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10:54 PM   April 20, 2015
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Calcium: Why Herps Need It

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Calcium builds strong bones and teeth in humans--and it does so in reptiles, too. It’s essential to remind customers, especially new hobbyists, about the importance of calcium in their pets’ diets.

Just like humans and other mammals, reptiles soak in vitamin D3 from sunlight, or ultraviolet B light, to grow and maintain strong bones. In the wild, reptiles get plenty of sun, but indoor reptiles need an artificial source of UVB rays to maintain calcium in blood and bones.

Reptiles cannot absorb calcium from their diet without vitamin D3, which helps the intestines absorb calcium from food. UVB light absorbed through the skin helps animals convert inactive vitamin D to active vitamin D3. Without proper sun or UVB exposure, pet reptiles can be deficient in vitamin D3 and, therefore, deficient in calcium.

Calcium is vital for bone growth and maintenance, muscle function and metabolism. When blood calcium levels are low--a condition called hypocalcemia--an animal may suffer muscle twitches and lethargy. Low blood calcium can also lead to metabolic bone disease; to compensate for blood calcium deficiency, the body may utilize stored calcium from the bones to maintain blood levels. This can be serious problem for growing reptiles, causing poorly developed or soft bones that are prone to fractures.

To prevent hypocalcemia, your reptile-owning customers need to understand how to supply both proper UVB light and adequate dietary calcium to their reptiles.

  • Use a full-spectrum bulb: One common mistake owners make is using plant grow lamps to supply light for their reptiles. These lamps supply the UVA light needed by plants--but not UVB rays needed by reptiles. Point out this difference to your customers and recommend on that emits both UVA and UVB rays.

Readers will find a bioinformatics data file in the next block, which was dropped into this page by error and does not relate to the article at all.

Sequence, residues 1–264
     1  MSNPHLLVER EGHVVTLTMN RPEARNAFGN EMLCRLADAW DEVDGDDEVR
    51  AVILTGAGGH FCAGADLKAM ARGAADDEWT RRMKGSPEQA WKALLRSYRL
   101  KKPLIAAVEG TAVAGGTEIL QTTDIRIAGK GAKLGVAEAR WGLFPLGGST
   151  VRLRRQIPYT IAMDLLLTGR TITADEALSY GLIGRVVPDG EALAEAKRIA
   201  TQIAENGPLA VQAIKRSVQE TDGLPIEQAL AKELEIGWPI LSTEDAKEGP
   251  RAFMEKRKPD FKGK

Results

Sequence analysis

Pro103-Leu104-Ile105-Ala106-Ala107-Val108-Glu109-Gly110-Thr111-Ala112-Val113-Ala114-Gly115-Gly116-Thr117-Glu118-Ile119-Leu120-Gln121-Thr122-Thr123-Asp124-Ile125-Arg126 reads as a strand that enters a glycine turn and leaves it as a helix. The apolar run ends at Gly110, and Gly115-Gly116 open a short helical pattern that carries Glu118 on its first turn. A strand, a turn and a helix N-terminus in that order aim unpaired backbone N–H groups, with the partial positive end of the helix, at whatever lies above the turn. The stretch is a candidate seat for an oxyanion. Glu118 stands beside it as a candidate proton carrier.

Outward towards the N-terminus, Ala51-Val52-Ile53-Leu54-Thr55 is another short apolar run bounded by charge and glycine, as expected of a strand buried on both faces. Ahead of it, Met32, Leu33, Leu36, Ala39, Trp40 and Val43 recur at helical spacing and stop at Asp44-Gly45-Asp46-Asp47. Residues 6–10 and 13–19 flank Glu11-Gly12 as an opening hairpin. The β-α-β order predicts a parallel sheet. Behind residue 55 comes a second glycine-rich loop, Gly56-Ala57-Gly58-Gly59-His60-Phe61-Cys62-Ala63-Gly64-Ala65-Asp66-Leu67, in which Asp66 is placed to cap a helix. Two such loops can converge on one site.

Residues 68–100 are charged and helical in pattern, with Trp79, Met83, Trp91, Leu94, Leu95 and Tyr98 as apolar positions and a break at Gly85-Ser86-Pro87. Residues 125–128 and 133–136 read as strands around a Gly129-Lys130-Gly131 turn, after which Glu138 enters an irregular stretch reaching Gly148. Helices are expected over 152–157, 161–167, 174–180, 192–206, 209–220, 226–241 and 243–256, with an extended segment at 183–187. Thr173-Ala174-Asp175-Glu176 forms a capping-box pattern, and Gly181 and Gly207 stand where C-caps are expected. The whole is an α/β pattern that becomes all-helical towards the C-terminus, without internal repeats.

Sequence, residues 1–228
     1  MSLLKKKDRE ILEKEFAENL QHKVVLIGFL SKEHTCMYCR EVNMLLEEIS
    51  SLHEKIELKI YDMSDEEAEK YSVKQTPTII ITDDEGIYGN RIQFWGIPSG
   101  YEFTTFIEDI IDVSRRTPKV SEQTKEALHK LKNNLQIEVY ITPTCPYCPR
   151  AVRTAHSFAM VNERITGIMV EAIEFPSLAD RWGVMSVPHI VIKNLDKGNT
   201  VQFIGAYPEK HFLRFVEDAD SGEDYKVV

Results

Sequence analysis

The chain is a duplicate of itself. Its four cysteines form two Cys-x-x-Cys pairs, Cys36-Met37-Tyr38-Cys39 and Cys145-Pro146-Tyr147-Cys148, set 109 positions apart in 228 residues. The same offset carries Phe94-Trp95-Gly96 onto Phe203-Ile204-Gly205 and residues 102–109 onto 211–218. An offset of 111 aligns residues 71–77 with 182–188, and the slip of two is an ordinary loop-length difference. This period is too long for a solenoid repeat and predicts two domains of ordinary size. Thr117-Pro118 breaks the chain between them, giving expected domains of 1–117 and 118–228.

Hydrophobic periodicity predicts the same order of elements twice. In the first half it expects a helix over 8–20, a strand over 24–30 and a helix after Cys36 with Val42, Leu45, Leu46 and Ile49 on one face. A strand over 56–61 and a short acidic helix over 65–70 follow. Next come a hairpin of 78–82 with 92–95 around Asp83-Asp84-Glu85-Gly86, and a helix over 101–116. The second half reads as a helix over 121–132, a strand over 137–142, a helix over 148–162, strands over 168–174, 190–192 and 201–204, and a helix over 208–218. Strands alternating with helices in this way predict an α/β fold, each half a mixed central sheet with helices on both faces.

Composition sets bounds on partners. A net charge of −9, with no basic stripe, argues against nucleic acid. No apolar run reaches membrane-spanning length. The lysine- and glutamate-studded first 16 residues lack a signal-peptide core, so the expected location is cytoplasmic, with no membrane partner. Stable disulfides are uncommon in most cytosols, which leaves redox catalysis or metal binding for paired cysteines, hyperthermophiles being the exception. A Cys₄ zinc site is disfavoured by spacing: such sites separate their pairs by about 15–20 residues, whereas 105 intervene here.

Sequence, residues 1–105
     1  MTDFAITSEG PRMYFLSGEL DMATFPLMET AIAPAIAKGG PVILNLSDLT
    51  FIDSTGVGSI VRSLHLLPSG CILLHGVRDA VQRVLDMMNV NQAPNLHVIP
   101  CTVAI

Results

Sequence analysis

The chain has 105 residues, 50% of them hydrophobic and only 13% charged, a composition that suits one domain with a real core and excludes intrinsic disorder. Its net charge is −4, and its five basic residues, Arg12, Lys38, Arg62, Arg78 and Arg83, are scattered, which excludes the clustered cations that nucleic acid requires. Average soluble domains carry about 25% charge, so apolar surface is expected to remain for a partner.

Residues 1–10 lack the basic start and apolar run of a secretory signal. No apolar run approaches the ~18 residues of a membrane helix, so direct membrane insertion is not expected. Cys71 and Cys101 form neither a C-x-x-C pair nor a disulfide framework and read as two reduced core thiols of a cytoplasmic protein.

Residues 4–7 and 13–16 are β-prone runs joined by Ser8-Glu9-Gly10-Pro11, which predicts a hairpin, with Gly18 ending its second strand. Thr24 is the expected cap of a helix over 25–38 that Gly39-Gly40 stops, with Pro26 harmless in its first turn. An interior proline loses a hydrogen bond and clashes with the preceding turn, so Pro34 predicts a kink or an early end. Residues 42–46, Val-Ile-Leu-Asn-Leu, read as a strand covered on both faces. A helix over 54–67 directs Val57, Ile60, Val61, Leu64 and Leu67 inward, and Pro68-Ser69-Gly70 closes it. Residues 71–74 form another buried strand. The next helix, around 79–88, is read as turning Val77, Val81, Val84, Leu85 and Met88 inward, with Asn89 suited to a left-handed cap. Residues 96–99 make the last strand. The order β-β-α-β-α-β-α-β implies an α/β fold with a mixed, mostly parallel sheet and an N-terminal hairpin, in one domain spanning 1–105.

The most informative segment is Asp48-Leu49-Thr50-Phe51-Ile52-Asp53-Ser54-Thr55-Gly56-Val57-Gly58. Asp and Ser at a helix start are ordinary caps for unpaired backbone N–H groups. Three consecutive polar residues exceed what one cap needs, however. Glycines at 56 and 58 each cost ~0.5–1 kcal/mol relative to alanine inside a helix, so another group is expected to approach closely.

• Set up lamp properly: Many people put their reptiles near windows to get sunlight, unaware that plastic and glass block UVB rays. Advise customers to set up a lamp with UVB rays so that they reach the reptile without any obstructions. Placing a mesh screen between the lamp and the animal, for example, will allow UVB rays through.
  • Supplement with calcium: Even if a reptile produces enough vitamin D3, plenty of dietary calcium must also be provided for a reptile to absorb what it needs. Recommend a dietary supplement, which the herp owners can add to their pet’s food or dust onto crickets. Too much phosphorus can interfere with calcium absorption, so maintaining a proper calcium/phosphorus balance in the diet is also important.

Encourage your customers to supply ample calcium in their pet’s diet, maintain a proper calcium/phosphorus ratio, and supply a good source of UVB light. If they have any questions regarding hypocalcemia, dietary calcium, or UVB light for your reptile, recommend they contact their local exotics veterinarian. <HOME>

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